dumb question about streams

This is a discussion on dumb question about streams within the C++ Programming forums, part of the General Programming Boards category; hi im a little confused about how streams works ie.(with keyboard) how the data gets into input stream???... when i ...

  1. #1
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    dumb question about streams

    hi
    im a little confused about how streams works

    ie.(with keyboard)

    how the data gets into input stream???...

    when i type from my keyboard something, automatically all the text goes to the input stream?? or just after when i type ie. "enter"??

    ie.(from files)
    when i use the ifstream object and pass the file name to the constructor
    all the text inside the file is automatically put in the input stream??
    or just when i start to read the file with ie. getline??

    please any help?? and excuse my poor english

  2. #2
    Stinking it up. StinkyRyan's Avatar
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    I'm not sure if these links will give you the answer you are looking for, infact I'm not really sure how to answer what you're asking could be on part of your phrasing of the question but I'm going to place all the blame on my lack of knowledge. Try giving these a shot and reading them over. By the way I found them by searching on google.com enjoy the reading.

    http://www.gamespp.com/c/introductio...sLesson12.html

    http://www-3.ibm.com/chips/techlib/t...le/iostrms.pdf
    Last edited by StinkyRyan; 07-06-2004 at 07:10 AM.
    Because I can't.

  3. #3
    & the hat of GPL slaying Thantos's Avatar
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    Just use the [url] tag to force it into a link

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    Talking

    the links dont work for me
    by the way thanks for repplies

  5. #5
    Crazy Fool Perspective's Avatar
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    Quote Originally Posted by terracota
    the links dont work for me
    by the way thanks for repplies
    the links work fine for me. try copying and parsting the url's into your browser.

    btw, re: "dumb question about streams"
    there is no such thing as a dumb question. If google cant satisfy your query than its always welcome at the cboard

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    Here's a partial explanation, from my understanding.

    When the user strikes a key on the keyboard, the information is usually, but not always, echoed to/displayed on the screen. In addition, usually, but not always, the keystroke information is stored in an istream member buffer, called rdbuf, I believe. Keystrokes are stored in the input buffer until the user pushes the enter/new line key. When the enter/new line key is encountered, or the buffer is full, whichever comes first, the istream object empties the buffer using one of the istream methods--like get() or getline()--or operators--like >>--as indicated by the programmer in the code that is being processed. The way the istream methods/operators remove data from the input buffer differ in significant ways that can cause bugs in your program if you use more than one istream method/operator, unless you are familiar with the quirks. Unfortunately, there is no built in method for clearing the input buffer completely.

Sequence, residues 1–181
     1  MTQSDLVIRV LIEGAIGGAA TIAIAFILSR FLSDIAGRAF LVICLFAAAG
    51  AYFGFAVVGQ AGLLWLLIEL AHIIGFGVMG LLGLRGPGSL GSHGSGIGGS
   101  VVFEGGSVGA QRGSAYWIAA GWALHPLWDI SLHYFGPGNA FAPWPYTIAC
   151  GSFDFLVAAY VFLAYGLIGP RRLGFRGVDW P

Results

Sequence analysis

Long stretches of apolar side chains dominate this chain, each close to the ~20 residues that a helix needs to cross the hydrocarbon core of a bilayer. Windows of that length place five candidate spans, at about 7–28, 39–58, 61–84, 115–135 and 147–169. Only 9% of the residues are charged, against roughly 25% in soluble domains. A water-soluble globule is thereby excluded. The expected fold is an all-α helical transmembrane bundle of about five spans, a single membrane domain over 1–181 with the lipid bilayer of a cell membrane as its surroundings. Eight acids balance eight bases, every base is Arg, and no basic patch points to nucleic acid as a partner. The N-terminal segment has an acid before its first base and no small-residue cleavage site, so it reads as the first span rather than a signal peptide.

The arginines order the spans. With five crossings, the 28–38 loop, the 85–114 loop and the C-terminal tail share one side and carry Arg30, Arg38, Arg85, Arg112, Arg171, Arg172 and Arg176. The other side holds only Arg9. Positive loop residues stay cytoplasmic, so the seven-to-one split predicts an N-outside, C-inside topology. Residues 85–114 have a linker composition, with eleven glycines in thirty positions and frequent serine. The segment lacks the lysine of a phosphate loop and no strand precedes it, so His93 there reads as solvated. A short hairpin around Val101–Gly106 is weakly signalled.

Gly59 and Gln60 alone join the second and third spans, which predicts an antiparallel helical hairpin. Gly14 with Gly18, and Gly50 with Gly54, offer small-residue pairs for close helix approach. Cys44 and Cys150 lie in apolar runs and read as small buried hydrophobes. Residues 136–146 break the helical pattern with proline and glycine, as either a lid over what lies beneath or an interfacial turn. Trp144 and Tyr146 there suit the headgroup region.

I remember seeing a reference to a book dedicated to streams not too long ago if you want to buy a hardcopy, detailed description of the process. You can probably find it by doing a search of the board using stream or istreams as the search key. It was within the last month or so.

  7. #7
    ATH0 quzah's Avatar
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    There are two types of input: buffered, and non-buffered. Think of playing a video game, where as soon as you press a key, something happens. That is non-buffered input. Think of a prompt asking you for a name, which when you get around to hitting enter, does something else. That's a poor example of buffered input.

    Buffered input waits for you to press enter before something happens. Non-buffered doesn't. Now naturally you can emulate the effect of buffered input with non-buffered input. However, you cannot emulate non-buffered behaviour with buffered.

    Quzah.
    Hope is the first step on the road to disappointment.

  8. #8
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    ok thanks a lot
    know i have a more clear idea how streams work.

    one more thing:

    when trying to write a user defines objet to a file how the reinterpret_cast converts the objet direction to a char pointer? ie:
    Code:
    Car toyota;
    ofstream myFile("myFile.txt", ios::binary);
    myfile.write(reinterpret_cast<const char*>(toyota), sizeof(toyota);
    
    //whats the trick behind reinterpret_cast??
    //because toyota can have data members like char, int , double, etc, how is treated
    //this data to convert it to char???

    thanks for your help

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